In a five-to-one decision, the Federal Election Commission granted comedian Stephen Colbert the right to create a “SuperPAC” to raise money for the 2012 election campaign. This would make him an equivalent to people like Karl Rove who are attempting to influence the elections.
But the FEC also concluded that the television host’s employer, Viacom Corp., would have to report any help it gives to Colbert for political activities outside the “Colbert Report” show. The panel gave the newly registered “Colbert Super PAC” a relatively narrow media exemption applicable only to the humorist’s show. Any assistance from Viacom outside the show must be treated as “in-kind” contributions and reported to the FEC.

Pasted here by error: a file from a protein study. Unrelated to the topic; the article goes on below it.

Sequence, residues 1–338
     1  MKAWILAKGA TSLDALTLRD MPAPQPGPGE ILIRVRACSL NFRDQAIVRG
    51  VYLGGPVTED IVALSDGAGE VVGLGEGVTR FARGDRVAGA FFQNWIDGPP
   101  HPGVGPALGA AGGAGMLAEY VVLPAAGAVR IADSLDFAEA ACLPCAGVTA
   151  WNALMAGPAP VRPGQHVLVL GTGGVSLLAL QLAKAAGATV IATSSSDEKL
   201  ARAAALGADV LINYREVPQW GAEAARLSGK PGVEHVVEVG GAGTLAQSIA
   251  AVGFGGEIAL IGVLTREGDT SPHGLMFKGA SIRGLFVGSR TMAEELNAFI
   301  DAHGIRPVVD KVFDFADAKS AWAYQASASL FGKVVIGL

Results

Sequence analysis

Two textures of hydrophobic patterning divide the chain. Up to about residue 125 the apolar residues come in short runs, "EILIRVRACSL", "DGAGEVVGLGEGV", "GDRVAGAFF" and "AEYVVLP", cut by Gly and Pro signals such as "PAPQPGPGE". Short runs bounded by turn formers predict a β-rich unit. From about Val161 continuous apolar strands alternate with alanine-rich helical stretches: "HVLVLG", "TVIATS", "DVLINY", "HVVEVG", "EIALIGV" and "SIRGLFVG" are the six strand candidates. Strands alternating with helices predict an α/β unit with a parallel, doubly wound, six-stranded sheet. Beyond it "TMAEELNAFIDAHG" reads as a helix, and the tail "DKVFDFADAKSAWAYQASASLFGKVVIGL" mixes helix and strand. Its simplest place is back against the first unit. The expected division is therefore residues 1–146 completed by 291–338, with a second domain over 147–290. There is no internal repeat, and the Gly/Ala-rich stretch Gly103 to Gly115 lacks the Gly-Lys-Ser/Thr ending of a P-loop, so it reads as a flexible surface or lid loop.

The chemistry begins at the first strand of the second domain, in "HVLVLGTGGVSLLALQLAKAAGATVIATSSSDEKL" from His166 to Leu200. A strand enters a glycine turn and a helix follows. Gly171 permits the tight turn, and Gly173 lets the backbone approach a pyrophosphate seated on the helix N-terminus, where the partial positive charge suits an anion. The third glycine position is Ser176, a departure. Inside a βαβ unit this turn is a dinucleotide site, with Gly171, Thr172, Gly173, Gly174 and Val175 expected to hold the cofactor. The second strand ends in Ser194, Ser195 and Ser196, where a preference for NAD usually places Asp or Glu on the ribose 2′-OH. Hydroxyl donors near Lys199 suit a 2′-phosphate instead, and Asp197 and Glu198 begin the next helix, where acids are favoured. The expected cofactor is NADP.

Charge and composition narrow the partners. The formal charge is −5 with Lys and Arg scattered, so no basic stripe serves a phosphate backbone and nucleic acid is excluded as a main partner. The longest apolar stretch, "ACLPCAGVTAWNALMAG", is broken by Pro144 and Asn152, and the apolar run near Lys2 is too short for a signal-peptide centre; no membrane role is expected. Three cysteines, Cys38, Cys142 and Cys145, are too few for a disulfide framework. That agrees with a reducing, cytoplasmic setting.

Since the 2010 Supreme Court decision allowing unfettered corporate spending in elections, Super PACs like Colbert’s now number over 100. They didn’t exist before the Court’s decision (a point Colbert seems to be making in a comic way.)
“Some people have said, ‘Is this some kind of joke?’ I for one don’t think participating in democracy is a joke.”
..said Colbert to the crowd afterward. When a reporter asked him when the first ad would run, Colbert Responded:
“I’ve got to get some money first.”